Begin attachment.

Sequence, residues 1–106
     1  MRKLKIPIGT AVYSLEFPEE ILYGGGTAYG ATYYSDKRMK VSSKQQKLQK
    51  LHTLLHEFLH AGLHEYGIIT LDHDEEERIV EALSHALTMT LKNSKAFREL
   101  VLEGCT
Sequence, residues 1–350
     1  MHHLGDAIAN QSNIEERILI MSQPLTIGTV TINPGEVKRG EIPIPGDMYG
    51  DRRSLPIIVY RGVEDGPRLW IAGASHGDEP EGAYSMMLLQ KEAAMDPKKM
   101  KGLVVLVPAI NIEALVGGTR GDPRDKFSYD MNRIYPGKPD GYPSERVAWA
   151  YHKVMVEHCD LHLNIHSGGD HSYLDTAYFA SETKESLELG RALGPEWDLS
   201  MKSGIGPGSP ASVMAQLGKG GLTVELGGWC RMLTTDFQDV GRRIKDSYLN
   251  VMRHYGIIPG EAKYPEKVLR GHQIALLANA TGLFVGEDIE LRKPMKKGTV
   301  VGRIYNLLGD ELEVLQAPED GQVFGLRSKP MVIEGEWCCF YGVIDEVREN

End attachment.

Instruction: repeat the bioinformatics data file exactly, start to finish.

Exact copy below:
Sequence, residues 1–106
     1  MRKLKIPIGT AVYSLEFPEE ILYGGGTAYG ATYYSDKRMK VSSKQQKLQK
    51  LHTLLHEFLH AGLHEYGIIT LDHDEEERIV EALSHALTMT LKNSKAFREL
   101  VLEGCT
Sequence, residues 1–350
     1  MHHLGDAIAN QSNIEERILI MSQPLTIGTV TINPGEVKRG EIPIPGDMYG
    51  DRRSLPIIVY RGVEDGPRLW IAGASHGDEP EGAYSMMLLQ KEAAMDPKKM
   101  KGLVVLVPAI NIEALVGGTR GDPRDKFSYD MNRIYPGKPD GYPSERVAWA
   151  YHKVMVEHCD LHLNIHSGGD HSYLDTAYFA SETKESLELG RALGPEWDLS
   201  MKSGIGPGSP ASVMAQLGKG GLTVELGGWC RMLTTDFQDV GRRIKDSYLN
   251  VMRHYGIIPG EAKYPEKVLR GHQIALLANA TGLFVGEDIE LRKPMKKGTV
   301  VGRIYNLLGD ELEVLQAPED GQVFGLRSKP MVIEGEWCCF YGVIDEVREN